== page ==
Chef graduates in bedside ceremony

TIM DONOGHUE
Last updated 05:00 05/04/2014
CAMERON BURNELL/Fairfax NZ

Dr John Kramer is receiving a doctorate from Massey University at Mary Potter Hospice where he is currently getting care for bone cancer.

Relevant offers

Education

Rugby, farming and homosexuality: Brave gay students tell their stories of schoolyard bullying to inspire others Angela Roberts looks back on ups, downs and almosts of four years at helm of PPTA Is politics the next move for outgoing PPTA president Angela Roberts? A Life Story - Bob Stothart, educationalist, dies, 82 Rush for rooms at Christchurch's student halls Taranaki students win $5000 Methanex scholarships Earthquake assessment still to be carried out on Whitireia Polytech library Cost of putting a child through school to year 13 has risen to more than $38,000 School uniforms: Good for kids or just another expense? New primary school and ECE for Flat Bush

A terminally ill chef will have his doctoral degree conferred on him at a special bedside graduation ceremony today.

Massey University chancellor Chris Kelly will confer a PhD in health sciences on John Kramer, 73, who has bone cancer, at Newtown's Mary Potter Hospice in front of 25 family members and friends, including a group of chefs.

"Doctor today, gonged tomorrow," Kramer joked when reflecting on his mortality.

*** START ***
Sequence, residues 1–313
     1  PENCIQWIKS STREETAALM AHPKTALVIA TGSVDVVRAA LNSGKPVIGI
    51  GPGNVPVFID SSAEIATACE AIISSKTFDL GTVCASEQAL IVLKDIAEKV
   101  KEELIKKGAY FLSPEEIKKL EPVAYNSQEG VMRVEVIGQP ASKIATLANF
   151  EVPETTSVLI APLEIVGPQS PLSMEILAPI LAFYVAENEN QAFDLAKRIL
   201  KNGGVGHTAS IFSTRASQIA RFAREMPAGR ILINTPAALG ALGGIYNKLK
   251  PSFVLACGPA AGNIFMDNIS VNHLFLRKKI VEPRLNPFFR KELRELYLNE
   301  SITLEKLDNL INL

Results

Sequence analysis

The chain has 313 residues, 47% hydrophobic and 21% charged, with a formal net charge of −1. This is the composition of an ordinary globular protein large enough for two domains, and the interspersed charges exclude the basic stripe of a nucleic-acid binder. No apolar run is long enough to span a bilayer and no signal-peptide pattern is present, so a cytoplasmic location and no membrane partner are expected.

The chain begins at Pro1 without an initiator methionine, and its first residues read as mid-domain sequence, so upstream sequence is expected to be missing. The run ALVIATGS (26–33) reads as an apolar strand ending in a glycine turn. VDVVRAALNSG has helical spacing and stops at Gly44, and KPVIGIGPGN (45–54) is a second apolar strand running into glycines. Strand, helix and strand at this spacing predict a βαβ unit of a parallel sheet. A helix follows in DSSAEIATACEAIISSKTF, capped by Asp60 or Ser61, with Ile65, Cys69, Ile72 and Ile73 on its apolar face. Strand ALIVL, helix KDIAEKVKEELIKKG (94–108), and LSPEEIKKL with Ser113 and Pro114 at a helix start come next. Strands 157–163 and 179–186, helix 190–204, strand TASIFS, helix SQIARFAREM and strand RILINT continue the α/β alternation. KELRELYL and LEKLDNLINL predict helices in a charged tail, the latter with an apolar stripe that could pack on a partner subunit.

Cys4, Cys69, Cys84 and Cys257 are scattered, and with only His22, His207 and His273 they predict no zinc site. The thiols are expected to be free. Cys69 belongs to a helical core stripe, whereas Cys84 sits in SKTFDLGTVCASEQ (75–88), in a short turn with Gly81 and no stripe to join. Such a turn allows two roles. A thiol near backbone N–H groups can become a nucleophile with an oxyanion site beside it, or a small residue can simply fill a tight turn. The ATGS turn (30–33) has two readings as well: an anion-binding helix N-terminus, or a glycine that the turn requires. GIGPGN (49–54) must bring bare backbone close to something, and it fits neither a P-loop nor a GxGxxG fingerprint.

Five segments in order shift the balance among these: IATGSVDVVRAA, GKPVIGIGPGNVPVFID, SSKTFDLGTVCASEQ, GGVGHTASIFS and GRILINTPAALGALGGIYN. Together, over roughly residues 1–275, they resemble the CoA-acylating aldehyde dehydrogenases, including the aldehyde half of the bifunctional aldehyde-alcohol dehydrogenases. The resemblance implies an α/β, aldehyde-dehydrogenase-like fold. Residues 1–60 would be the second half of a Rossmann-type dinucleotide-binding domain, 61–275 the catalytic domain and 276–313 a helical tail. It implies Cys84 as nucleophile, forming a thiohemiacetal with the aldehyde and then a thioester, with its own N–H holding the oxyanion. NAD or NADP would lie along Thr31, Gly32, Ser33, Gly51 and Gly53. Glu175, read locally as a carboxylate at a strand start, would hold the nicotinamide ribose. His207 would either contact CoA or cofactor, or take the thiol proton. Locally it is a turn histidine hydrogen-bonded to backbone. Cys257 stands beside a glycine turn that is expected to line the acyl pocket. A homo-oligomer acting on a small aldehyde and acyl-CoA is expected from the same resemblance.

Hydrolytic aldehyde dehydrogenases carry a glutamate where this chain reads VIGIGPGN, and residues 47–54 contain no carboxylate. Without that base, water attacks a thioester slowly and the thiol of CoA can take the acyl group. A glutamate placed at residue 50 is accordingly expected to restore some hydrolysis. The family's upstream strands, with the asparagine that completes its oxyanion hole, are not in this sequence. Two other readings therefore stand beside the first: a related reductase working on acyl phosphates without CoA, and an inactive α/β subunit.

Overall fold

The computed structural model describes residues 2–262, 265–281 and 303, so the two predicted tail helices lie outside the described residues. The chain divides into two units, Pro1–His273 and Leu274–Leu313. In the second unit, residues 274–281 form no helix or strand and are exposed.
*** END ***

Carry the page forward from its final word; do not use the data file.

And he won't be getting carried away with his new title: "I don't call the doctors who care for me doctor, so I don't see why they should call me doctor. I am John Kramer."

He is quietly proud of having achieved the doctorate - which he says he started as a joke - to go with his bachelor of education and a master's in business management.

The Dutch former restaurateur, who cooked for the Queen and the Shah of Iran during royal visits to New Zealand, rates the food at the hospice a nine out of 10.

"I get a tray with a little flower arrangement on it. There's a hot towel with it. This is where the hospice is so good. They give you the dignity of living. In my eyes, that is phenomenal."

He felt like ham sandwiches for lunch yesterday, and received them. "Nothing is too much trouble here. There's a drinks trolley which comes around."

He is also a former senior lecturer of catering at Wellington Polytechnic, and sees his life as having been a bridge between the worlds of academia and practicality.

As for the future, he has not lost his sense of realism. "The bone cancer is munching away at my resources. I have had the most wonderful life with my wife Jan."

Ad Feedback

- The Dominion Post

Special offers

Featured Promotions

Sponsored Content